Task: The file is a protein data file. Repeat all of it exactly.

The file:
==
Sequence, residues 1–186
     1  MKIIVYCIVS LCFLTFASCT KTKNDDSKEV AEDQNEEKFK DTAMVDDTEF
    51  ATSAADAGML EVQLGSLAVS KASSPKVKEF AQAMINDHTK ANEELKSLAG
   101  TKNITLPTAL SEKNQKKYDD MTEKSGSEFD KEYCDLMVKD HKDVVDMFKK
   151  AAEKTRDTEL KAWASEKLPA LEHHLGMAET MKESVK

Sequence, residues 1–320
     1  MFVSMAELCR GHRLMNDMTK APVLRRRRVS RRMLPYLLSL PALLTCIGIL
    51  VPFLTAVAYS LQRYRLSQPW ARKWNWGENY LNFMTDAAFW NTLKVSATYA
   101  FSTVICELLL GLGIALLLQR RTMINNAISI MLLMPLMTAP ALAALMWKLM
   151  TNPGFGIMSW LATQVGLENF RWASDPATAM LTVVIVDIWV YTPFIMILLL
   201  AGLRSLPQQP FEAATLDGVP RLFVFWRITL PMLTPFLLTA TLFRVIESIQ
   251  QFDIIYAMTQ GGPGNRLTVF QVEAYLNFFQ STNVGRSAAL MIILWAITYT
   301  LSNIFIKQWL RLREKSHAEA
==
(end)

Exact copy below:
Sequence, residues 1–186
     1  MKIIVYCIVS LCFLTFASCT KTKNDDSKEV AEDQNEEKFK DTAMVDDTEF
    51  ATSAADAGML EVQLGSLAVS KASSPKVKEF AQAMINDHTK ANEELKSLAG
   101  TKNITLPTAL SEKNQKKYDD MTEKSGSEFD KEYCDLMVKD HKDVVDMFKK
   151  AAEKTRDTEL KAWASEKLPA LEHHLGMAET MKESVK

Sequence, residues 1–320
     1  MFVSMAELCR GHRLMNDMTK APVLRRRRVS RRMLPYLLSL PALLTCIGIL
    51  VPFLTAVAYS LQRYRLSQPW ARKWNWGENY LNFMTDAAFW NTLKVSATYA
   101  FSTVICELLL GLGIALLLQR RTMINNAISI MLLMPLMTAP ALAALMWKLM
   151  TNPGFGIMSW LATQVGLENF RWASDPATAM LTVVIVDIWV YTPFIMILLL
   201  AGLRSLPQQP FEAATLDGVP RLFVFWRITL PMLTPFLLTA TLFRVIESIQ
   251  QFDIIYAMTQ GGPGNRLTVF QVEAYLNFFQ STNVGRSAAL MIILWAITYT
   301  LSNIFIKQWL RLREKSHAEA